How to choose the best cherries - Cómo elegir las mejores cerezas
Look for the following varieties of sweet cherries, which are among the most nutritious: Bing, Brooks, Hartland or Royal Anne (Queen Anne). If you’re looking for sour cherries, choose varieties such as Montmorency or Balaton.
Sour cherries can be hard to find. Dried sour cherries or sour cherry juice are good options, as long as they don’t contain added sugar.
When purchasing fresh cherries, look for firm, shiny, smooth fruits. Prefer cherries with bright green stems that are firm and flexible. Don’t buy cherries with brown or withered stems, as this indicates that they were picked a long time ago.
Cherries have some of the highest pesticide residue levels. If possible, prefer organic cherries.
Buscar las siguientes variedades de cereza, que son de las más nutritivas: Bing, Brooks, Hartland o Royal Anne (Queen Anne). Si se buscan guindas, elegir variedades como Montmorency o Balaton.
Las guindas son difíciles de conseguir. La fruta desecada o el jugo de guinda son buenas opciones, siempre y cuando no contengan azúcar agregado.
Al comprar cerezas frescas, buscar frutas firmes, brillosas y lisas. Elegir las cerezas con tallos verdes que sean firmes y flexibles. No comprar cerezas con tallos marchitos o cafés, ya que esto indica que se cosecharon hace mucho tiempo.
Las cerezas están entre los frutos que mayores niveles de residuos de pesticidas contienen. De ser posible, preferir cerezas orgánicas.
Eating seasonally becomes more tangible when you immerse yourself in a culture that has thrived on and treasured its local harvests for centuries upon centuries. In my native California farming occurs on a massive, industrial scale, totally amputating our feeling of connection with seasonal bounty. .
Here in northern Italy most of the farming is intimate, small scale. Many of the locals anticipate not only the seasonal changes in weather or activities but also the tiny window in which a particular veggie or fruit comes to life. Restaurants also celebrate each harvest with multiple plates, I individually prepared particular to the region. Here, we just passed the season of green peas, and before that was cultivated asparagus, and before that wild asparagus and broccoli.🥦 Now we have all the yummy stone fruits. Nectarines, peaches, apricots and cherries. 🍒🍑 Then arrive the fragrant family of tomatoes who blush in the hot summers. .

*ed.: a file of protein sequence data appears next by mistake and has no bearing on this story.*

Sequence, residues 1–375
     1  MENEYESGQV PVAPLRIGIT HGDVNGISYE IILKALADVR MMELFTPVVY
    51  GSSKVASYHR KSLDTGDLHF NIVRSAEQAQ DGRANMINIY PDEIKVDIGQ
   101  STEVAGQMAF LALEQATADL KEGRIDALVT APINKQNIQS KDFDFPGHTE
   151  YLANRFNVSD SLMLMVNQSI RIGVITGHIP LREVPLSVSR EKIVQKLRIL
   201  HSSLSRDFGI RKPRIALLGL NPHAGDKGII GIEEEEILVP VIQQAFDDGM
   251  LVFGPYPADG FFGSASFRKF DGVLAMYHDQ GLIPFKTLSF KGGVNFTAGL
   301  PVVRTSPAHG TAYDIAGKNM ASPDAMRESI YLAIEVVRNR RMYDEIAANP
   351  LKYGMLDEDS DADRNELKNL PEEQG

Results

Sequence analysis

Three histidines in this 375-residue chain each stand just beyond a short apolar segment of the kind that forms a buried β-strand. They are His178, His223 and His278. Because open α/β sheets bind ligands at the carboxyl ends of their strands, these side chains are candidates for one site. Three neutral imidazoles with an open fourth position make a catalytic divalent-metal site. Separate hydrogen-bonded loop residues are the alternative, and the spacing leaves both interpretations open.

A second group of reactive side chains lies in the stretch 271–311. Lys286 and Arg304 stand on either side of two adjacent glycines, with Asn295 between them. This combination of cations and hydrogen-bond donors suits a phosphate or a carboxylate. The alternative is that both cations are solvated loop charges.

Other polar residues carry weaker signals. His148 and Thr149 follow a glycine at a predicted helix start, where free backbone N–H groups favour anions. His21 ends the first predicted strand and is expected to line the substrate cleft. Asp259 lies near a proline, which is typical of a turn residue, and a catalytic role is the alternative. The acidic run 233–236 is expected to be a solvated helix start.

Winding around the tiny backroads up into the hills the cool air wraps around our helmets and is a fabulous change from the heat before in the city. 🥵 We are on a mission to find juicy, deep red cherries. 🍒🤩 In the lower altitudes they have either been picked already or have dried on the branches. We climb higher and higher into even cooler freshness where cherries mature later in the season. And LOTS of cherry trees in top picking perfection 😍 Some in larger groves, most in intimate ones. Okay, it's not exactly permissible to help yourself to a family size picking (hence the persistent warning: Poisoned 🍒Trees signs ☠) But we only wish to have a taste of the magic that only warm, just-picked fruits possess. Enough to appreciate the moment, strengthen the bond with the surrounding earth, and the delight of cherry stains on our palms. ❤
#CherrySeason ✨. If you haven’t noticed, the grocery stores are suddenly flush with beautiful cherries from around the Middle East. We try to eat locally and regionally as much as possible, so the arrival of cherries here is pure joy. To make the most of this short but sweet season we’ve created a no-sugar cherry #jam perfect for spreading on your toast. We kept things refined sugar free and opted for honey as the sweetener in this jam, but maple syrup would also work great. As there is no refined sugar in the recipe, the jam will not thicken up too much but will stay the consistency of a loose compote/preserve. Sweet, plump and so juicy! #100Ways
No Sugar Cherry Jam 🍒
prep time: 10 minutes | cooking time: 40 minutes
• 550-600 grams cherries ~ stems removed, pitted & roughly chopped
• 3 tbsp pure honey (or maple syrup), if you prefer a sweeter jam you may add an extra tablespoon
• 2 tbsp lemon juice
• 1 tbsp pure vanilla extract
• pinch of salt
1. Place the chopped cherries in a saucepan over medium heat.
2. Let cook for 8-10 minutes while using a large spoon to mash the cherries so that they break down.
3. Remove from the heat and add in the honey, lemon juice, vanilla extract & salt, mix.
4. Return the saucepan to the stove and lower the heat to medium-low.
5. Let the cherries cook for about 25 minutes, stirring every few minutes making sure nothing sticks to the bottom of the pot.
6. Use a tablespoon to skim off and discard any foam that forms on the surface.
7. Remove the cherries from the heat and strain any excess water that may have been expelled during the cooking process (we removed about 1 cup of excess water). 8. Return the saucepan to the heat and let the jam come together for an additional 5 minutes.
9. The cherries should be tender and syrupy, with a loose preserve-like consistency.
10. Transfer to a sterilized jar and store in the fridge.
To Serve ✨
• For the Love of Bread organic sourdough batard, sliced
• salted butter
• cherry jam
1. Slather on generously and enjoy!